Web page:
New to Garland’s staff this season is assistant coach Keith Gavin, a Pittsburgh graduate. Gavin began his Pitt career as a 157-pounder before moving up two classes to 174, where he won the NCAA title in 2008. He was confident Butler could handle himself at 174.
“It doesn’t matter how much you weigh,” Gavin said before the season, “it’s a how-strong-you-are type deal. We talked about that, and I think his speed and explosiveness are going to help him wrestling the bigger guys, because they’re not used to that. And so he’s going to be able to exploit that a little more than he could at 157.”
Garland said: “I think that was the deciding factor in why we encouraged him and supported him to go up. We just felt like the higher you go up, let’s face it, the less athletic [wrestlers are] and the less moves you see hit … We just felt like if he keeps that same skill set he had at ’57, and then wrestle like a ’57-pounder up at that weight, it’s got to give him an advantage.”
That all made sense to Butler. Still, he said, “I was worried if I was going to be too small. I’d never competed in a match at that weight, so I didn’t even know what it would be like. I kind of felt like I had to prove myself all over again. And even though coming out of the gate, they ranked me top 10 at 174, there was still that little bit of doubt.”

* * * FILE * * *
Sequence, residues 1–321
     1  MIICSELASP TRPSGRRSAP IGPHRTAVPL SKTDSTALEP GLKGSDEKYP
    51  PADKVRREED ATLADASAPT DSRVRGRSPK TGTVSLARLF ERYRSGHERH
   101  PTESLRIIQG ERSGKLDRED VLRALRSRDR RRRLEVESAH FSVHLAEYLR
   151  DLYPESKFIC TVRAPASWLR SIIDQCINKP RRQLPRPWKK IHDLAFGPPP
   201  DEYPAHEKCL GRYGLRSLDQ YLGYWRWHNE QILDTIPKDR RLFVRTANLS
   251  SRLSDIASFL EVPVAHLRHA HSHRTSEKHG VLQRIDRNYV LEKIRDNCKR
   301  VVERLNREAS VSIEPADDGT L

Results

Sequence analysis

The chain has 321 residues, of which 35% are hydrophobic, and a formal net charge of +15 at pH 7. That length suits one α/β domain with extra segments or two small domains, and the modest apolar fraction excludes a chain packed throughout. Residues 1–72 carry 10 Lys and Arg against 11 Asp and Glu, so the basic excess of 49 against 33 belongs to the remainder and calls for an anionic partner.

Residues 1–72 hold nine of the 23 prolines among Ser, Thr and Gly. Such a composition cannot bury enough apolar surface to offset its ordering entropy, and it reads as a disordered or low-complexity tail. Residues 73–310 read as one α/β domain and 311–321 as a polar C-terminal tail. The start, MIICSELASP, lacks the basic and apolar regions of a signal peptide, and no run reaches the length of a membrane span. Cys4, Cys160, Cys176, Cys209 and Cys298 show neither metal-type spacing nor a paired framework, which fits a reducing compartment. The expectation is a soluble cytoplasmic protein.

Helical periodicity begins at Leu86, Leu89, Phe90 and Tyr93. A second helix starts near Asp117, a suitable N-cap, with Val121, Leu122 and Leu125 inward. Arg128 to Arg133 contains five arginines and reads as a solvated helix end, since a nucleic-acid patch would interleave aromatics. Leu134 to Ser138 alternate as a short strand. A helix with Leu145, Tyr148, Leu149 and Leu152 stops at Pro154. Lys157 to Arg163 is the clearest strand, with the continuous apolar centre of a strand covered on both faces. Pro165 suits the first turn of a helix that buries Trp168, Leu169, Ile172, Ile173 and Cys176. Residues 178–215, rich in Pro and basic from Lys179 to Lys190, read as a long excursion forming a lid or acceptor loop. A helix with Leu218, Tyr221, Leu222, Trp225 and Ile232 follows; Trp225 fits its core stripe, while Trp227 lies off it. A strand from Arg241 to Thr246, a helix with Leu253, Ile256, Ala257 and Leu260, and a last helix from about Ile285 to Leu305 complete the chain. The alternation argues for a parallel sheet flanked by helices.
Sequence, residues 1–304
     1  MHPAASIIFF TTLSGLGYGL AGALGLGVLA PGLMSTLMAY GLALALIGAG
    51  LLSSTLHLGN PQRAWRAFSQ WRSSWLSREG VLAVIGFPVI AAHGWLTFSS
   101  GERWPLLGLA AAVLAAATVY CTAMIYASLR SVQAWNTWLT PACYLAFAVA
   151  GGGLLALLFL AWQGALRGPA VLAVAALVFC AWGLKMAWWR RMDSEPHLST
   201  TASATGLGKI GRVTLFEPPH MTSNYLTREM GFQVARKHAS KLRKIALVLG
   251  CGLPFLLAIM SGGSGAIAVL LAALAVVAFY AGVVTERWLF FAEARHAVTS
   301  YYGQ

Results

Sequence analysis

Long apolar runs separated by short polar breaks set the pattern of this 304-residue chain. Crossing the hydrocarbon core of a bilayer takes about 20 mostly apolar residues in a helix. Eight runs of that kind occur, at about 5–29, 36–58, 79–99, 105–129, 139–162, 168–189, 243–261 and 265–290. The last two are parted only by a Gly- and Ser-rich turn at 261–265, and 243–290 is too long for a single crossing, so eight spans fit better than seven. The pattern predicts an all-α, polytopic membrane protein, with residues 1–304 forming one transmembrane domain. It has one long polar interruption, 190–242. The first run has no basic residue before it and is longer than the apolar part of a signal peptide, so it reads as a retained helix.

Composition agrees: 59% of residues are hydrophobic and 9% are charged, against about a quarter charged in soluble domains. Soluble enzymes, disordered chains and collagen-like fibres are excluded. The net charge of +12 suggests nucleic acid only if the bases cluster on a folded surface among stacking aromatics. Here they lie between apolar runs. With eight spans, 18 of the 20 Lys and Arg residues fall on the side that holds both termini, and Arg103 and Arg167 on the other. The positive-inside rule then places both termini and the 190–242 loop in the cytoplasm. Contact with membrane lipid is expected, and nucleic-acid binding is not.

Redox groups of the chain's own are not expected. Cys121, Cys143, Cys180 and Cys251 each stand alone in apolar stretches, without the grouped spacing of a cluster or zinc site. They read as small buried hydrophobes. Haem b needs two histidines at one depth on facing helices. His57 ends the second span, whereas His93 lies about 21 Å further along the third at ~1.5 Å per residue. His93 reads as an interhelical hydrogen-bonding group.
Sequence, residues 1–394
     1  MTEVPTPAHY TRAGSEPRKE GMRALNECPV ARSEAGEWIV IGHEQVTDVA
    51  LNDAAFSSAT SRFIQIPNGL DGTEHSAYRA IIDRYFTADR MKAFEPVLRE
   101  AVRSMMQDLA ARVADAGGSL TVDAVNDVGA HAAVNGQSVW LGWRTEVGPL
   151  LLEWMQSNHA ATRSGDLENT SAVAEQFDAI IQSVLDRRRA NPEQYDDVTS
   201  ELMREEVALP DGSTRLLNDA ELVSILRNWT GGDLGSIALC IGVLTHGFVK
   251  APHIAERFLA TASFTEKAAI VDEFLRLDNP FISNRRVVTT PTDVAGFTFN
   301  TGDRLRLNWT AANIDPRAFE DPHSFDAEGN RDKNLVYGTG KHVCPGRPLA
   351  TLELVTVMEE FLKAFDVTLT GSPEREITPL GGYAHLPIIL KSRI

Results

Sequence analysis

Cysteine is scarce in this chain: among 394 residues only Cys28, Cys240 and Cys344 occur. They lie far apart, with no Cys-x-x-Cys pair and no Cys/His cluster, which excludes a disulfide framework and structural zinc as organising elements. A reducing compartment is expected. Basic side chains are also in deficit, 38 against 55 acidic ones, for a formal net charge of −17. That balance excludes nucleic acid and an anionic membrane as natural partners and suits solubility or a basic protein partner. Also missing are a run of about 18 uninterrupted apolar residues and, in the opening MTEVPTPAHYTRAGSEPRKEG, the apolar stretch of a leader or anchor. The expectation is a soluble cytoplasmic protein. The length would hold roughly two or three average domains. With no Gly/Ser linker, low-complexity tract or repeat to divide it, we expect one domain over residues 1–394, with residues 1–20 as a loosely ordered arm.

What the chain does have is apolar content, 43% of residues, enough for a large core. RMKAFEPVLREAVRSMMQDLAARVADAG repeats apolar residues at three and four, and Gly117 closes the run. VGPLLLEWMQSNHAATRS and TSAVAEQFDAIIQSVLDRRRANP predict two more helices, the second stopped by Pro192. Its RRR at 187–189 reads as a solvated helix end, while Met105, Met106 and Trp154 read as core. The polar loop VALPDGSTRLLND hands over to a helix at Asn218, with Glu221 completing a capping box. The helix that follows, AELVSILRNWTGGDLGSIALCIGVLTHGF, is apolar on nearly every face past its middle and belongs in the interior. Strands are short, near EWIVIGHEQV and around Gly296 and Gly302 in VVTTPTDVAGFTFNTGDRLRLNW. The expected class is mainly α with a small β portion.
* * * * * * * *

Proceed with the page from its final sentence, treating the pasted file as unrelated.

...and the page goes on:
Those concerns proved short-lived. In his debut at 174, Butler pinned VMI’s Mark Darr. Later that day, he earned a major decision (15-3) over George Mason’s Ryan Forrest.
Victories over then-No. 14 Kurtis Johnson (North Dakota State) and then-No. 13 Mark Martin (Ohio State) followed in November, as Butler grew more comfortable at his new weight.
“I try to play to my advantages,” Butler said. “A lot of the bigger guys will try to tie you up and slow you down, but I’ll try to keep my distance and use my speed. That’s the game plan.”
His practice partners include Gavin, a member of the U.S. national team who now competes at 189 pounds.
“The first time I wrestled with Gavin, he whupped me worse than I’ve ever been whupped in my life,” Butler said, smiling. “It made me wrestle a little differently. It kind of changed some things, and I’ve slowly been able to make gains. Keith Gavin still puts it on me, but I definitely feel like I’ve been getting better just from working with him every day.”
Butler was about 8 years old when he began wrestling. He also was a talented soccer player, but by his senior year of high school Butler had locked in on wrestling.
The sport’s appeal to him?
“It’s hard work,” Butler said. “There’s everything we put in behind the scenes, and when you lose, it makes that feeling so much worse, just because you’ve put so much into it. But vice versa, after putting in all that work and achieving your goals, it’s one of the best feelings ever. Just knowing that you worked for that. It didn’t just come. You earned that.”